The Palm Cockatoo

(Probosciger aterrimus).

Also called the Cape York Cockatoo and the Great Palm Cockatoo, the Palm Cockatoo's scientific name is derived from the Greek terms 'Proboscis' meaning nose and 'gero' meaning to carry plus the Latin term 'atterimus meaning very black.

The Palm Cockatoo is a rainforest bird found on the Cape York Peninsula in the extreme north of Queensland as far south as the Rocky River. They are also native to New Guinea and the Aru Islands. They travel in pairs or small flocks, frequenting jungle and open forests.

The Palm Cockatoo breeds in forest country and feeds in the jungle on the kernels of large fruits and on grubs torn out of rotten wood by its large bill. It's calls include a short, harsh screech and a low, short whistle, 'hweet-hweet', but many other notes are uttered.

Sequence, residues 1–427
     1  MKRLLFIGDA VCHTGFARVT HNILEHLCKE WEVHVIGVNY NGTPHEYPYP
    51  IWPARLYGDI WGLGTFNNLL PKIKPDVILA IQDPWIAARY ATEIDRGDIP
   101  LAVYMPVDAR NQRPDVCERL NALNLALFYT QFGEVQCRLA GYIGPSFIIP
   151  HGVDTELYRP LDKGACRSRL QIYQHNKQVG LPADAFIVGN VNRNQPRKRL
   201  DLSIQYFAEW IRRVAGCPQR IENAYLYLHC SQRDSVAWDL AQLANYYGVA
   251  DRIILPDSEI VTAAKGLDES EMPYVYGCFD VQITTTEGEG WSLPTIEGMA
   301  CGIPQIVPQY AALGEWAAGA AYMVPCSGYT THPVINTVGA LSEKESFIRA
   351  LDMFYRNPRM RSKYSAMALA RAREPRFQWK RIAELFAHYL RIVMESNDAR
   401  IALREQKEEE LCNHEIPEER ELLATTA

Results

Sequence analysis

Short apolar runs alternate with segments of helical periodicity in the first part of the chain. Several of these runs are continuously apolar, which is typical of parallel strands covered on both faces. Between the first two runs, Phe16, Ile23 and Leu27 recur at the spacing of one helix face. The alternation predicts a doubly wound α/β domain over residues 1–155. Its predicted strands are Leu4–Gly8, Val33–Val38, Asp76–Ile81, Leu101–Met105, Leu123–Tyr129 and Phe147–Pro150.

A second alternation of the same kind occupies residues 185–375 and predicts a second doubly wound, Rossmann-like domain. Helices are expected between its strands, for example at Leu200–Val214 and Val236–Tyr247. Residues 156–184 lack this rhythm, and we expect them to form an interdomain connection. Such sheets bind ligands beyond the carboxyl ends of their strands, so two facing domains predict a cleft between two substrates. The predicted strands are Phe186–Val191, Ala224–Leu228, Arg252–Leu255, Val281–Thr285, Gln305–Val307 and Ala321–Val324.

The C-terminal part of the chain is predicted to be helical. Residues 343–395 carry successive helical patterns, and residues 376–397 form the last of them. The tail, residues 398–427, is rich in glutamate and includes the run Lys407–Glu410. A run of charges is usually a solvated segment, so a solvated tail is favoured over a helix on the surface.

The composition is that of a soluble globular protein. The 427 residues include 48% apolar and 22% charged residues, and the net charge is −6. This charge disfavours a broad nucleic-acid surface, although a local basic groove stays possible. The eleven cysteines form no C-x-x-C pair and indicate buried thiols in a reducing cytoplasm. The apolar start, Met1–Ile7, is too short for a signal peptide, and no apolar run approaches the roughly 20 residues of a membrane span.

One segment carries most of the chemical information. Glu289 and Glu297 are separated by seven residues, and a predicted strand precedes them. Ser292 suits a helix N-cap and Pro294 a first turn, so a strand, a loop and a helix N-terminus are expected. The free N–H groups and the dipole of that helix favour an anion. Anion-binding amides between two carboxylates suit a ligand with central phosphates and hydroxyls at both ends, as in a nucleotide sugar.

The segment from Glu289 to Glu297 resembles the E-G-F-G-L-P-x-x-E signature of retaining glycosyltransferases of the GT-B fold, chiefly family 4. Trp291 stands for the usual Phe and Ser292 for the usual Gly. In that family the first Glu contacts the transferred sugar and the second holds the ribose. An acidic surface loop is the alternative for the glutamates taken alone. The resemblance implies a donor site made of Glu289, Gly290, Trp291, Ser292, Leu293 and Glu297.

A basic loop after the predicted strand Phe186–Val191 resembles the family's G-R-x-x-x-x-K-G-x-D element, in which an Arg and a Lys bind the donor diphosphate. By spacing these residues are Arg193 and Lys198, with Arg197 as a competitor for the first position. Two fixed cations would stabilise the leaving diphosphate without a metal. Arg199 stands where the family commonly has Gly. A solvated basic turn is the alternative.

The charcoal plumage and scarlet cheeks of the Palm Cockatoo combine to create a startling visual effect. Their nest, usually located high in a hole in a tree, is lined with masses of splintered twigs, apparently to prevent water-logging. A single white egg is produced. The breeding-season extends from August to January.

Neville W. Cayley's 'What Bird is That' - 1931.
Australia's Wilderness Heritage - Flora & Fauna, 1988

The Palm Cockatoo is featured on the following Australian coins:

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